Tuesday, November 23, 2010
In late 1997, I wrote an article for Canadian Military History Magazine about (Sergeant Ronald Routledge), who was awarded the Distinguished Conduct Medal for courage while he was a prisoner of war of the Japanese in Hong Kong. I had long forgotten about it. I was therefore quite surprised by news that I received during a book signing at Indigo Kingston on November 13. Someone who bought a copy of my book, a retired member of the Canadian Forces, had just attended a ceremony at Canadian Forces Base Kingston for the dedication of a building to the memory of Ronald Routledge as part of the Forces Communications and Electronics School. Ronald Routledge had passed away by now, but his son had been invited to attend the ceremony.
This news took my thoughts back to 1998. That summer, I received a telephone call from a Signals Corps veteran who gave me some praise for the article, mentioning that he had known Ronald in the post-war military, but no one had known he had won the DCM. The caller told me that Ronald had been invited to be on the saluting stand for the march past during the Signal Corps annual reunion at Kingston and he invited me to join them. Unfortunately, I could not make it up and regretted missing seeing the honour paid to Ronald Routledge that day. However, with the dedication of Routledge Hall, perhaps I might have some satisfaction from the thought that my article in 1997 may have helped bringing this well-deserved honour to this unassuming but courageous soldier.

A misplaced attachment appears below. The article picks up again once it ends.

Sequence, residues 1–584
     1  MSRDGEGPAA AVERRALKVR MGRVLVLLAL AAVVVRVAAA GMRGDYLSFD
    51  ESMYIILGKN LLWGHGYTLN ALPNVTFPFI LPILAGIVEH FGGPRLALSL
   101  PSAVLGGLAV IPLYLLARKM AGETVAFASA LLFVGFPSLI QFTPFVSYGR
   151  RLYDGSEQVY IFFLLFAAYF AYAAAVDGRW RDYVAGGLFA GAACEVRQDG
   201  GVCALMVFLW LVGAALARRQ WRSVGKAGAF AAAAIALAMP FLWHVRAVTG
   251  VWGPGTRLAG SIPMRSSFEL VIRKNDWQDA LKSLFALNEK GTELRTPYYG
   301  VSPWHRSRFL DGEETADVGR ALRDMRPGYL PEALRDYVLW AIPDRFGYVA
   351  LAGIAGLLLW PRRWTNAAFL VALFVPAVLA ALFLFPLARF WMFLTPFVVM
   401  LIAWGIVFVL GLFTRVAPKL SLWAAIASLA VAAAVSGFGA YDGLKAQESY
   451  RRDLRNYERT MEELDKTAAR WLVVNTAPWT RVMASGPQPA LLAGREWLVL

Wednesday, November 3, 2010
I was gratified to see my article "Courage under Fire: Defining and Recognizing the Act" published in The Canadian Army Journal, V 13.1. It pulls together all the thoughts about courage that I wrote in my book Courage Rewarded and so is a much better discussion of the subject. I hope the article is relevant to the readers of the Journal, many of whom have experienced fear and courage in Afghanistan and so may have their own opinions.